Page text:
Ethiopia: Despite high prevalence rates, the practice is declining: between 2000 and 2005, the rate of FGM/C declined from 80 to 74 %.

Kenya: Between 2003 and 2009, the FGM/C prevalence rate decreased from 32 to 27 %.

Sudan: Although data indicates that there has been almost no change in FGM/C prevalence since 1990, and almost no change across age groups, attitudes appear to be changing and support for FGM/C is on the decline.

According to the UNICEF report "State of the World's Children – 2009", 47 % of women in Africa had undergone FGM/C.

Helping to end child marriage in India

Progress has also been marked on child marriage in India. With EU support, four state-wide action plans on child marriage have been established, leading to large-scale community-led awareness raising and large-scale media coverage in favour of ending child marriage. As a result, UNICEF participated in a visit of prominent world leaders from The Elders was organised in 2012 to India to discuss strategies for accelerating child marriage abandonment through the Girls Not Brides partnership.

The project has also supported formative research in India, carried out by the International Center for Research on Women (ICRW), on the social norms that uphold child marriage and pre-natal sex selection in India.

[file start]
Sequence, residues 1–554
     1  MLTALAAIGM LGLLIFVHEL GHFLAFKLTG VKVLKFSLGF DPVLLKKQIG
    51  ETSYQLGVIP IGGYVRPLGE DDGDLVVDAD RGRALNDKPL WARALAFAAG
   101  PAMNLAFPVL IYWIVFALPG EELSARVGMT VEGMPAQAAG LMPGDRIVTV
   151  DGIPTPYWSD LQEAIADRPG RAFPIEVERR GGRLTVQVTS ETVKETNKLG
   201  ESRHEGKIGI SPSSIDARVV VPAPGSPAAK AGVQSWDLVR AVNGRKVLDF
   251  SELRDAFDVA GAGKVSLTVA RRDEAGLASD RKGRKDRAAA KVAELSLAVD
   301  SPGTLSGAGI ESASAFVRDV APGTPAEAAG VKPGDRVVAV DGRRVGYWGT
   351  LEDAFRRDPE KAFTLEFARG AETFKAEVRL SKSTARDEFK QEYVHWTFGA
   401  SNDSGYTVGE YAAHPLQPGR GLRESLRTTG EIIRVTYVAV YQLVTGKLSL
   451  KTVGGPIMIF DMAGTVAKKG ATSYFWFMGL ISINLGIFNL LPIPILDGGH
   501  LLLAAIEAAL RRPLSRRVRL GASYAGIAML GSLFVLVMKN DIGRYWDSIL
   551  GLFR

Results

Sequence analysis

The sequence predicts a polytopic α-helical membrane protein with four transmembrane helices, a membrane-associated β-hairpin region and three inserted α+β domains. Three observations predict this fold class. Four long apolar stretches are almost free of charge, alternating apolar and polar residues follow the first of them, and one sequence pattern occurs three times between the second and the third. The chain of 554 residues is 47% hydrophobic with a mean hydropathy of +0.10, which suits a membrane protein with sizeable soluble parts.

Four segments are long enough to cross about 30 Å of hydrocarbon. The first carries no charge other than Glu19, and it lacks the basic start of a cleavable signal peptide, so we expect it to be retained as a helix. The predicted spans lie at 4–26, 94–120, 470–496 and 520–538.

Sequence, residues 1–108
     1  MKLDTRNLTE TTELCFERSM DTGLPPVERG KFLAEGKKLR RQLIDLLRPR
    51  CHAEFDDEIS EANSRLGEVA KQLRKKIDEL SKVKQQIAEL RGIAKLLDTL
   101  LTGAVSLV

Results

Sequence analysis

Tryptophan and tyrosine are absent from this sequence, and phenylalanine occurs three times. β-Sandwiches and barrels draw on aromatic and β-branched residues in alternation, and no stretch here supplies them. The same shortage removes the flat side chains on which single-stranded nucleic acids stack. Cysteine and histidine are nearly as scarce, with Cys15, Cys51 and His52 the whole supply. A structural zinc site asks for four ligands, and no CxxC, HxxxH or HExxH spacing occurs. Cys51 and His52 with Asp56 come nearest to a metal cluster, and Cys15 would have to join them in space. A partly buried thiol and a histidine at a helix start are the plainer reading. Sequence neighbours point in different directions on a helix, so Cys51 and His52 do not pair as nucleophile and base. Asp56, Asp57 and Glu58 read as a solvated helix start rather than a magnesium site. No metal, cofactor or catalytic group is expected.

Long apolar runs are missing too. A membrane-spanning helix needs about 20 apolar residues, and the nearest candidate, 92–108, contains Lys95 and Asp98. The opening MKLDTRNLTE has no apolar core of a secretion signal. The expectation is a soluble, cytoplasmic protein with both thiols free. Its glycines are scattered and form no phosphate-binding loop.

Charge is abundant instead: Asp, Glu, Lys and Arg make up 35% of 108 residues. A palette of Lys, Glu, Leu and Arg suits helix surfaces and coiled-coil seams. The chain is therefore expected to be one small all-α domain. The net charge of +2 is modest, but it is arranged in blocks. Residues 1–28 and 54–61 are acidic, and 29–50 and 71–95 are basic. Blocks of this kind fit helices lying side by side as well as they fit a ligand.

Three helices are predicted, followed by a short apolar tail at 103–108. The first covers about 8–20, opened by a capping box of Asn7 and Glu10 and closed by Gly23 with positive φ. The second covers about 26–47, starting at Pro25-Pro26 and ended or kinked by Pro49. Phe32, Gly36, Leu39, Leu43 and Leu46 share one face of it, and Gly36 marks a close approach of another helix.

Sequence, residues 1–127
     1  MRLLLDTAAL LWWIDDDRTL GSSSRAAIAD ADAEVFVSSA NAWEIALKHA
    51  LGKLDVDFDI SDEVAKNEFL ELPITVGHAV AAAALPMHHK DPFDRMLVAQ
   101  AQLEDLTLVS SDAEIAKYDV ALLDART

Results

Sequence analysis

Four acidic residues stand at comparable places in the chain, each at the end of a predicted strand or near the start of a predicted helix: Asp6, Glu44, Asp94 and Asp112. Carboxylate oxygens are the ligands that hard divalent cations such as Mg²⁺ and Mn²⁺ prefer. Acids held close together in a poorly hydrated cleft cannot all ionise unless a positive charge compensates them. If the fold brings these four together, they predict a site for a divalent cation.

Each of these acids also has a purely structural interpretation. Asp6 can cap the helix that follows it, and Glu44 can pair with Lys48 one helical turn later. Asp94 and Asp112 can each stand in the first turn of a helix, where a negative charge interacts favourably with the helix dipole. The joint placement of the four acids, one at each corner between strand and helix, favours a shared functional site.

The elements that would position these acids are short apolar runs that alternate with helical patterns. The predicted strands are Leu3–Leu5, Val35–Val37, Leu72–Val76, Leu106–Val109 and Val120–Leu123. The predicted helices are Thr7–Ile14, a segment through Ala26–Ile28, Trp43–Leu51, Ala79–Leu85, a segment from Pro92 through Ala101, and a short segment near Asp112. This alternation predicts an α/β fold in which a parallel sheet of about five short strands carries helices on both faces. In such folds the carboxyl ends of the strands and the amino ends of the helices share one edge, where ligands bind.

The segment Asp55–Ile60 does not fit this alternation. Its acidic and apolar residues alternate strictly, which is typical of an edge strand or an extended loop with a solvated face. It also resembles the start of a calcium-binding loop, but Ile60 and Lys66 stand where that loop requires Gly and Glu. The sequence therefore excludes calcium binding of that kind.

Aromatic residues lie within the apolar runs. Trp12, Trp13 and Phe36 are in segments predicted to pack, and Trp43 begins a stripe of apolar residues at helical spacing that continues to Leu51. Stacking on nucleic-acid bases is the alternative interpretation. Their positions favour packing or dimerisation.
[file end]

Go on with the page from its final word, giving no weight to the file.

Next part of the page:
In India, four states have combined state action plans for the application of the Child Prohibition Act with significant community-led awareness raising and mobilisation, and large-scale media coverage in favour of ending child marriage.

India – empowering children

According to UNICEF's "State of the World's Children-2009" report, 47 % of India's women aged 20–24 were married before the legal age of 18.

“I thought my life would be completely ruined,” says Bablu who lives in a small village in rural Rajasthan. She was 13 when community pressure led the family to agree to an early marriage. Thanks to the joint EU- UNICEF project, her father could be convinced that it was in his family’s best interest to let Bablu continue her studies.
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The project implemented by UNICEF received a total of € 3 991 000 in EU funding over the period 2008-2012.

Last update: 07/03/2014 | Top